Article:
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Happy birthday, Astrodome! Thanks for 50 years of wonder

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Let's talk about awe.

Tom Szczerbowski-USA TODAY Sports

How many of you legitimately get awed any more?

I'm guilty of overusing the word. Everything is awesome. Everything is cool.

But do you ever get legit "awed"? I can't think of the last time I was. Maybe the birth of my son? My wedding day? Even on the latter, I was less awed than overjoyed.

So many wonderful things pale in impact as we get older. Is the Apple Watch awe-inspiring, or just a better form of the wearable tech that already exists? Was the iPod revolutionary when it came out, or just in retrospect? What awes people today?

Fifty years ago, the Astrodome did.

Thursday is the 50th anniversary of the first game in the Dome. The park has fallen far enough that it's hard to remember just how awesome it was when it debuted.

For a kid growing up going to the Dome, there may not have been a more awesome sight.

Driving toward the Astrodome and slowly seeing the rise of that crescent shape in the distance, that was awesome. Seeing the circular majesty as you walked into the building, that was awesome. Looking up at that great curved ceiling, that was awesome.

It wasn't just kids who were so easily wowed by it, either. The Astrodome was called the "Eighth Wonder of the World" for a reason. People had never seen anything like it.

Playing baseball indoors, under this giant, man-made creation was revolutionary. It inspired hot takes galore, I'm sure, for those who thought it was robbing the game of its purity, just like statistics do now.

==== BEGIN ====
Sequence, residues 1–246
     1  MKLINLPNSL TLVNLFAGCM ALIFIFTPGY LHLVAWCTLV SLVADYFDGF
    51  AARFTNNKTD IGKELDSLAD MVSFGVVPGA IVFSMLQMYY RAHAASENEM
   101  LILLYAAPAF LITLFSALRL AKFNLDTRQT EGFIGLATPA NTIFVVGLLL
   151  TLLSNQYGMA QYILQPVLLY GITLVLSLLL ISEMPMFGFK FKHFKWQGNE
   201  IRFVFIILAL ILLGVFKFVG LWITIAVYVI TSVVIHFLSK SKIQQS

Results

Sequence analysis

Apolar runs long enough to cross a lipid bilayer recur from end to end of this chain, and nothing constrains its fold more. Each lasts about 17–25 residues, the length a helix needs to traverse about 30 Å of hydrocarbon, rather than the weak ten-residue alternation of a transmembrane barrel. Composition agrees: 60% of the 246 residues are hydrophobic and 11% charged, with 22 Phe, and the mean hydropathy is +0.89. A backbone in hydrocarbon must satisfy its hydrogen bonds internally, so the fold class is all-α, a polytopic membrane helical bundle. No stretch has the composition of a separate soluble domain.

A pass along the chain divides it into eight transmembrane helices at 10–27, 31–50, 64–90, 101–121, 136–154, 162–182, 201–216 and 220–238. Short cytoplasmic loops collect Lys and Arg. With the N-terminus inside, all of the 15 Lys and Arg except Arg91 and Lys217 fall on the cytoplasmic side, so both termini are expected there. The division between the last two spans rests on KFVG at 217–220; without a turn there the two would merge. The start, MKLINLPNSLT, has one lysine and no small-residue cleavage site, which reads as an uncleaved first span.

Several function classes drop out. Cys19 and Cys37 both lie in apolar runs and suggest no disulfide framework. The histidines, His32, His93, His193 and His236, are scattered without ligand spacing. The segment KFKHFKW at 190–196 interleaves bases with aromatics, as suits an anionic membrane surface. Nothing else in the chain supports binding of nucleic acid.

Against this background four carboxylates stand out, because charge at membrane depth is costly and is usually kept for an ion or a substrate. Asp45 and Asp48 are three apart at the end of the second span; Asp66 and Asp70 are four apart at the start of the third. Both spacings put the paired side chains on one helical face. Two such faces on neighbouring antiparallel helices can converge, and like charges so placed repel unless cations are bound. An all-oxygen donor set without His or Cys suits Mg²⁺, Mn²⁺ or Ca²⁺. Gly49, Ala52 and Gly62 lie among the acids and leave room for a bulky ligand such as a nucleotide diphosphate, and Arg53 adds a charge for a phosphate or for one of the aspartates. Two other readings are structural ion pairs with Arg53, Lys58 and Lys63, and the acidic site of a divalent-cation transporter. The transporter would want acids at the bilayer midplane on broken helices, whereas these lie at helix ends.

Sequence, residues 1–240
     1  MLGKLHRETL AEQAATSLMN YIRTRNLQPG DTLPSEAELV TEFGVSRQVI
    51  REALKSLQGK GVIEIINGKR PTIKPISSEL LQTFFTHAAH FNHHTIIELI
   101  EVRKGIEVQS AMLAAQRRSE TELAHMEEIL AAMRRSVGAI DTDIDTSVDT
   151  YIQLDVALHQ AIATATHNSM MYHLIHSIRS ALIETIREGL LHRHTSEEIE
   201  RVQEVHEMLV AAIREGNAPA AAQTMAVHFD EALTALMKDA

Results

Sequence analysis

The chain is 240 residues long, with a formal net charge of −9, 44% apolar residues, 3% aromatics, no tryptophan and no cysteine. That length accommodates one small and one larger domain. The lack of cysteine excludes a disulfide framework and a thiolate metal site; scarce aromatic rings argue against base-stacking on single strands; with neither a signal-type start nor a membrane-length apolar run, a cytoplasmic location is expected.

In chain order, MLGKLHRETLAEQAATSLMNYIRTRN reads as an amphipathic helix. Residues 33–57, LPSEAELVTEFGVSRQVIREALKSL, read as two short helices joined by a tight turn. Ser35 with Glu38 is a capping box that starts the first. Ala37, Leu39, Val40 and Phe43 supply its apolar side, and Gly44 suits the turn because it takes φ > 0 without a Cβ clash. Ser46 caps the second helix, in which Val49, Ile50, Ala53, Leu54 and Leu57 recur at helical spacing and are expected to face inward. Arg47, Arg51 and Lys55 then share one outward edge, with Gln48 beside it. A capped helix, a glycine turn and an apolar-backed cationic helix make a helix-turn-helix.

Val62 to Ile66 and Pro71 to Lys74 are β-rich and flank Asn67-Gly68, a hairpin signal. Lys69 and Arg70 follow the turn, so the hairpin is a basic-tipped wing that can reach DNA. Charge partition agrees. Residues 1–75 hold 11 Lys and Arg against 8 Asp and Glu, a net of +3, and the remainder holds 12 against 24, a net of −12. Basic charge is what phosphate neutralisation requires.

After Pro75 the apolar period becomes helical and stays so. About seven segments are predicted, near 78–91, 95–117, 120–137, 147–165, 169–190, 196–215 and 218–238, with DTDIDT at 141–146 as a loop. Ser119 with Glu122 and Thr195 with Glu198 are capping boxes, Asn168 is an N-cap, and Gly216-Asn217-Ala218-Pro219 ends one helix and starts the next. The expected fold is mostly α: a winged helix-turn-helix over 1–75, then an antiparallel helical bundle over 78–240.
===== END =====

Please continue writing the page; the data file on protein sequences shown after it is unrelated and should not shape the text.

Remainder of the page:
But, there was no more singular structure in sports for a long time.

The Astrodome was awesome.

It was filled with less awe over the years, as other domed stadiums were built. People in New Orleans were blown away by the Superdome. The Kingdome in Seattle inspired so many great memories. The Trop in Tampa is, well, not awe-inspiring at all.

None of them carried the cultural cache of the Astrodome's premiere.

Imagine going from Ebbetts Field to the Astrodome in less than a decade. That must have been something.

Minute Maid Park is a nice stadium. It's got great views from nearly every seat. The retractable roof means fans can experience outdoor baseball on the five days a year when the Houston weather allows it. There are quirks and toys and all sorts of things that make it stand out.

But, does it provoke a sense of wonder?

Maybe I'll talk to my son about that, see if he gets the same rush for seeing the stadium that I did from the Dome.

What I do know is that the closest I"ve gotten to feeling awe for a modern stadium is when I saw the Texans' new home from the air. I couldn't believe how then-Reliant Stadium dwarfed the Astrodome.

How could anything be that much bigger than the Dome?

Maybe the reason awe has left modern parks is because they're so similar. A retractable roof isn't that different from a dome. A train in left field is only a slight step up from Bernie's slide in Milwaukee. Heck, even Wrlgley's new Jumbotron is only "awesome" because of it's uniqueness. The first of its kind at that venerable ballpark, but far from the first of its kind ever.

That's the best part of the Dome, and the part we should be remembering on this anniversary.

The Dome is broken. It's abandoned and abused, too trashed to tour and too expensive to turn into something useful. It's days are likely numbered and that's a shame.

But, oh, in it's day? The Dome was a wonder. Fifty years ago, there was nothing else like it.